It’s Divine Punishment

Do you think it’s coincidence that Ariel Sharon had a stroke now? Just months after the disengagement? After he gave away part of the Holy Land? No, we know better, it’s no coincidence…

OK, let’s stop there. As Jews, we believe that there are people who genuinely have Divine Inspiration. [And needless to say, I mean that very sincerely. If a great Rav speculates on why something may have happened, we do have to listen.] But there are also fools, and the pronouncements of the fools are more frequent. I don’t think we can hope to explain why G-d chose this time for a 77-year-old man with a weight problem and heart defect to have a cerebral hemorrhage.

As heard from Rav Dovid Katz: there were many in the religious community who were upset that the Israeli athletes at the Munich Olympics chose to march in the opening ceremonies, because they were held on Rosh Hashanah. When the athletes were murdered by Palestinian terrorists, there were murmurings about Divine Judgment.

Rav Yitzchak Sternhill, zt”l, was a fervent, Chassidic Rav here in Baltimore. Exactly the type of person who would support thinking like that, right?

Wrong. Very wrong. He stood up in shul and told people that one of his Rebbeim was murdered by the Nazis on Rosh HaShanah in the death camps.

So if they think they know the ways of G-d, how do they explain that?

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8 Responses

  1. Joshua Nathan says:

    Dear Rav Menken,

    I agree with you on this 100% keep up the good work. We can not understand the ways of hashem and it is not our job either. Rav Ahron Soloveichik those who try to explain the holocaust either show blasphemy or they show ignorance. If one has a painting so in order to be able to see it you must stand at a distance to appreciate and see the art of it. So too now, we cannot give judgement on current things that occur or even things that happened long ago; we do not have a complete picture.

  2. Elie says:

    Any human being who thinks they can explain why bad things happen to good people (or to any people) is arrogant, foolish, and cruel. If an acknowledged Godol did so, I would soften these epithets to “misguided” and “injudicious”, but would grant the pronouncement no more credibility.

    To misquote Robert Heinlein, we have about as much chance of understanding G-d’s plan as a dog has of understanding how dog food gets into cans. We will never know and to even try is the path to despair and faithlessness. The only proper question is not “why?” but “how do we move on?”

  3. mycroft says:

    Not that Rabbi Frand needs me to advertise his comments-but if I recollect correctly last night he stated that — unfortunately we don’t have a navi to tell us what God means — we can check our own actions in reponse to tragedies — but never judge someone else. I believe he said something like that — it is too good for me to make up myself.

  4. Bob Miller says:

    All the points above are well taken. However, since we do accept that G-d sends messages to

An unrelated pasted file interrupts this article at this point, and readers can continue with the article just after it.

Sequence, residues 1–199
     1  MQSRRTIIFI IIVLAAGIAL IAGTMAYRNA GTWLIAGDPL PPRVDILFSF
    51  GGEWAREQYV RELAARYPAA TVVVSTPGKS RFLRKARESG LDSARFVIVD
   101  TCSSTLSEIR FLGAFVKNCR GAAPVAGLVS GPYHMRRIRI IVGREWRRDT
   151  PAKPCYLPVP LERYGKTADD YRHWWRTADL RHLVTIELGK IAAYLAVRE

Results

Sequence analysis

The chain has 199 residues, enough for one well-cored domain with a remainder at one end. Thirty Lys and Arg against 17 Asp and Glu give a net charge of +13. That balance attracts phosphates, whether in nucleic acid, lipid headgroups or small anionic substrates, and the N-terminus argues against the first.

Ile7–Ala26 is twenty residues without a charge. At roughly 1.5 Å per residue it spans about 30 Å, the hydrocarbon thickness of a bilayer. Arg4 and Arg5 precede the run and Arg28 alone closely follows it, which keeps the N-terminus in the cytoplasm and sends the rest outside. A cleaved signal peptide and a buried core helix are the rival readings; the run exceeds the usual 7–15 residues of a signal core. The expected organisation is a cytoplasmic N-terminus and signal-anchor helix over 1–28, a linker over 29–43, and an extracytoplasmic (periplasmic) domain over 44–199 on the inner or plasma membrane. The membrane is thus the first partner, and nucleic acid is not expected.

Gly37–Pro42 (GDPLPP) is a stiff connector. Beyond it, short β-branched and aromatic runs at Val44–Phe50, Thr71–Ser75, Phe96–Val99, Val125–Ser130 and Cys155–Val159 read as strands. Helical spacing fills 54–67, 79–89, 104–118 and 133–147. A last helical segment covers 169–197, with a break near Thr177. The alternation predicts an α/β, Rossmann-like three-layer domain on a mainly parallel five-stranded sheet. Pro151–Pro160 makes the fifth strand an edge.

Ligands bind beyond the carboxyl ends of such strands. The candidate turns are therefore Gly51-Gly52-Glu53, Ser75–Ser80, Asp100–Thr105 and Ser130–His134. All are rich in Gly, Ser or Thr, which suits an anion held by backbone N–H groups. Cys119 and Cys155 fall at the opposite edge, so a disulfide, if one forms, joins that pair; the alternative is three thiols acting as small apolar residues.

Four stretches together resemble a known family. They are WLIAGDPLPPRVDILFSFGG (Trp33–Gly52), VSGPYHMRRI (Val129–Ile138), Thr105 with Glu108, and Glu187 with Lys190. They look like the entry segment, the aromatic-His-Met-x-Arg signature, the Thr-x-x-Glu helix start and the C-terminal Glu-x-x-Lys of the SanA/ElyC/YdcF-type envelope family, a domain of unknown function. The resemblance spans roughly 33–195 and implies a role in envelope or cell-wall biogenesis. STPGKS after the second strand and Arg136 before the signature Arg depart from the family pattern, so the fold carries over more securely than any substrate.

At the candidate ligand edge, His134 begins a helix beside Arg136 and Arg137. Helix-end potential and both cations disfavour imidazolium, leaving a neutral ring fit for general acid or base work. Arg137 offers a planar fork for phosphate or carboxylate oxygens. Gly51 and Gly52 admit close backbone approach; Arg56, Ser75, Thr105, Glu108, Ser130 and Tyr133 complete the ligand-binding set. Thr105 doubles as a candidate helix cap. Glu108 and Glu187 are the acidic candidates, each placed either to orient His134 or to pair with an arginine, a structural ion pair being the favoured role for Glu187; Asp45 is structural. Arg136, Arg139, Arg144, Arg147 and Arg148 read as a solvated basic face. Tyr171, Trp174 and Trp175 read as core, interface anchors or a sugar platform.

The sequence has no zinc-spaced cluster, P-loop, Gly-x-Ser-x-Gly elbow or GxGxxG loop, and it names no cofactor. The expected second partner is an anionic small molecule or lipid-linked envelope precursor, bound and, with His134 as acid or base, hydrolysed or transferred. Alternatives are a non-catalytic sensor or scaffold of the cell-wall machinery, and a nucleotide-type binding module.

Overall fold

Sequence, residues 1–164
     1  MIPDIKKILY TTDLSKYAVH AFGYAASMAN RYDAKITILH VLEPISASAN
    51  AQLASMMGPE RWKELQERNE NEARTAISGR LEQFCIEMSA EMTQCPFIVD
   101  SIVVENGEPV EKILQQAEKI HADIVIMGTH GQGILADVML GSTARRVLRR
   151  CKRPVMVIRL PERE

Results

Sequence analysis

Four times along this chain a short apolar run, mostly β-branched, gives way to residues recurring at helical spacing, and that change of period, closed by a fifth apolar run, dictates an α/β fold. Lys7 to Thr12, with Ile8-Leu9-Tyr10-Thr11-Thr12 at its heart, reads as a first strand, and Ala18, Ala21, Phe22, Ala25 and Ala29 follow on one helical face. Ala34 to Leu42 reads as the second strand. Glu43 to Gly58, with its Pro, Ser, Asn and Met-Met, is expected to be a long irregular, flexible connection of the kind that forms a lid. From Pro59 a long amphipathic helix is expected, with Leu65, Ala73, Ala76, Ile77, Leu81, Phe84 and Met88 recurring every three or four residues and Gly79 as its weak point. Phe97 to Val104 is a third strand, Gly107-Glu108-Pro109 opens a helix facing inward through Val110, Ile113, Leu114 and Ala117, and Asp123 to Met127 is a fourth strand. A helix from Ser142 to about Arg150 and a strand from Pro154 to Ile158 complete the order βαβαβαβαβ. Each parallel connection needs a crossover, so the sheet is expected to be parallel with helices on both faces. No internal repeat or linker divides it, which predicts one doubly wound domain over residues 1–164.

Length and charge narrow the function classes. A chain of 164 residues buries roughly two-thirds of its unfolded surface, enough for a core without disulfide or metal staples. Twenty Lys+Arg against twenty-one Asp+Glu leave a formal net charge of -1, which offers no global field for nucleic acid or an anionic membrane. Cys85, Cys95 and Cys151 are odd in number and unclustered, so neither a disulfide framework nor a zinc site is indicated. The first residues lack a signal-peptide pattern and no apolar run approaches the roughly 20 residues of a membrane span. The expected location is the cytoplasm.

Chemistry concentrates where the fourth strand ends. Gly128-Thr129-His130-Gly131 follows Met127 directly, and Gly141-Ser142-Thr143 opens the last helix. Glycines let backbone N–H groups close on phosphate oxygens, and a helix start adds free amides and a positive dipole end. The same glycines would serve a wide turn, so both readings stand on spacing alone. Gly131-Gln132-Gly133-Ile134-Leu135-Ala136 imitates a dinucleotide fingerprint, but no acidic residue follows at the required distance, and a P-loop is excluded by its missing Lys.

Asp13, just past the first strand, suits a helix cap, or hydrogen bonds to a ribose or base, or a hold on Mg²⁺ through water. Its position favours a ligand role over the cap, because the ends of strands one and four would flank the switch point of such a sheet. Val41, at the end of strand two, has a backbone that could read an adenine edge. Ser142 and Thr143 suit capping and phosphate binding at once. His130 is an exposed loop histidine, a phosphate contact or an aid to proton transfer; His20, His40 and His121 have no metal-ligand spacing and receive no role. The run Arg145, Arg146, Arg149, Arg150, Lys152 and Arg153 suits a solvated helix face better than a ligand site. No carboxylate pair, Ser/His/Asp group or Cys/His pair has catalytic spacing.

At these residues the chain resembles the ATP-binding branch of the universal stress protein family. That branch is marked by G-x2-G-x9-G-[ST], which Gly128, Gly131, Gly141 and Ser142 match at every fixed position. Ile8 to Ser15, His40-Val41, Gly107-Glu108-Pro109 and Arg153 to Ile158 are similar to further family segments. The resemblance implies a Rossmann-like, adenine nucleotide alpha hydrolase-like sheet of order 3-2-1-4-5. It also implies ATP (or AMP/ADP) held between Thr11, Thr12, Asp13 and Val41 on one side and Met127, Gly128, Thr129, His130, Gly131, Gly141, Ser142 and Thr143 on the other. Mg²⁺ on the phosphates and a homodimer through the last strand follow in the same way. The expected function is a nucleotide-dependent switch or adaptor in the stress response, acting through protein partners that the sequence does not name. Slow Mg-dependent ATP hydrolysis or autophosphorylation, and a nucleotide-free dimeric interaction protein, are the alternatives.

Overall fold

the Jewish people at times of His choosing, could a stance that world events are
    fundamentally incomprehensible someday filter out critically important messages?

  5. Southern Belle says:

    Why doesn’t anyone speculate why it is that Hashem let him LIVE so strongly, at his age and weight, in order to execute the disengagement as he did? Maybe he was kept alive long enough to do exactly this task. (and before I hear flak for this, I was not a supporter of the plan) We should not try to guess the mind of Hashem.

  6. Steve Brizel says:

    I think that Chazal had a rather pithy and sharp comment about the possesors of prophecy in their
    time that we all would do well to think about before we start invoking claims that reolve around and’
    are based on theodicy-type statements and assumptions.

  7. mycroft says:

    To the best of my knowledge none of the contributors to this blog are children-
    none of the rest of the commentators want to be put into the category of who prophecy is left with after
    the Men of the Great Assembly-Anshe Knesset Hagdolah.
    I agree with Steve Brizel about the great caution required before discussing issues of theodicy-Zaddik vra lo vrasha vtov lo. Frankly I knew the Hebrew before the Ebglish-similar to a fortiori-don’t know if I would know the term if I didn’t know about kal vachomer.

  8. Pesach says:

    Dear Rav Menken,

    I can understand why one should not speculate on why or how Hashem moves in a given situation. However, we have to understand that in the case for Gush Kaitf, which I visited during Keslev 5765, Mr. Sharon was forewarned by many a Chasidim to abandon his plan … which he did not.
    That said, one has free will to obey the mitzvot or not. Consequences, whatever they me be,will arise in various degrees and stages. Like Shaul HaMelech, Mr. Sharon was a great warrior and champion for the Eretz Israel, but because of Shaul HaMelech’s transgression, he too lost his rule over Israel, David HaMelech became his successor. There are strict mitzvot concerning Eretz.
    Mr. Sharon won’t ever give the order to expel another
    Jew from his home anytime soon, perhaps never if he
    doesn’t recover.
    Had the Israeli atheles observed Rosh Hashana
    would they have been victims? If one is in a death camp then one has no control over his situation. But he does have the opportunity of tefilah until his last breath even if sword is at his neck … our Sages teach this.

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